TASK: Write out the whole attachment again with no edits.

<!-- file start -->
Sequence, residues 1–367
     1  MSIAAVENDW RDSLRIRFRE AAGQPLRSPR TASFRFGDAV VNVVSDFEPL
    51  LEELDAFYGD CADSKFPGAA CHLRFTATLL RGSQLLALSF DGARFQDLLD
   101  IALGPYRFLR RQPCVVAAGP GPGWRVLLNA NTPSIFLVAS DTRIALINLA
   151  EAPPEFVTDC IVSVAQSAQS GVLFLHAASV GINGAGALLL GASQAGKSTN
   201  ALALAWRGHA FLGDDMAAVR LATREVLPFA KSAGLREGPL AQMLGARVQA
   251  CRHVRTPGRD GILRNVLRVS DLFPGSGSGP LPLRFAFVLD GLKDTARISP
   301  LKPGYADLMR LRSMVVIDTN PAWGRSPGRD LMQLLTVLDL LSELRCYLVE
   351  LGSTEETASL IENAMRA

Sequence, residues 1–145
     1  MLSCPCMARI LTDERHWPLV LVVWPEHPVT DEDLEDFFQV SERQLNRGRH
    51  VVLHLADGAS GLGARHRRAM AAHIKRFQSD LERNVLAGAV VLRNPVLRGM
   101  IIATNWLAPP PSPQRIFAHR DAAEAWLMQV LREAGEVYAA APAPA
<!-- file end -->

Sequence, residues 1–367
     1  MSIAAVENDW RDSLRIRFRE AAGQPLRSPR TASFRFGDAV VNVVSDFEPL
    51  LEELDAFYGD CADSKFPGAA CHLRFTATLL RGSQLLALSF DGARFQDLLD
   101  IALGPYRFLR RQPCVVAAGP GPGWRVLLNA NTPSIFLVAS DTRIALINLA
   151  EAPPEFVTDC IVSVAQSAQS GVLFLHAASV GINGAGALLL GASQAGKSTN
   201  ALALAWRGHA FLGDDMAAVR LATREVLPFA KSAGLREGPL AQMLGARVQA
   251  CRHVRTPGRD GILRNVLRVS DLFPGSGSGP LPLRFAFVLD GLKDTARISP
   301  LKPGYADLMR LRSMVVIDTN PAWGRSPGRD LMQLLTVLDL LSELRCYLVE
   351  LGSTEETASL IENAMRA

Sequence, residues 1–145
     1  MLSCPCMARI LTDERHWPLV LVVWPEHPVT DEDLEDFFQV SERQLNRGRH
    51  VVLHLADGAS GLGARHRRAM AAHIKRFQSD LERNVLAGAV VLRNPVLRGM
   101  IIATNWLAPP PSPQRIFAHR DAAEAWLMQV LREAGEVYAA APAPA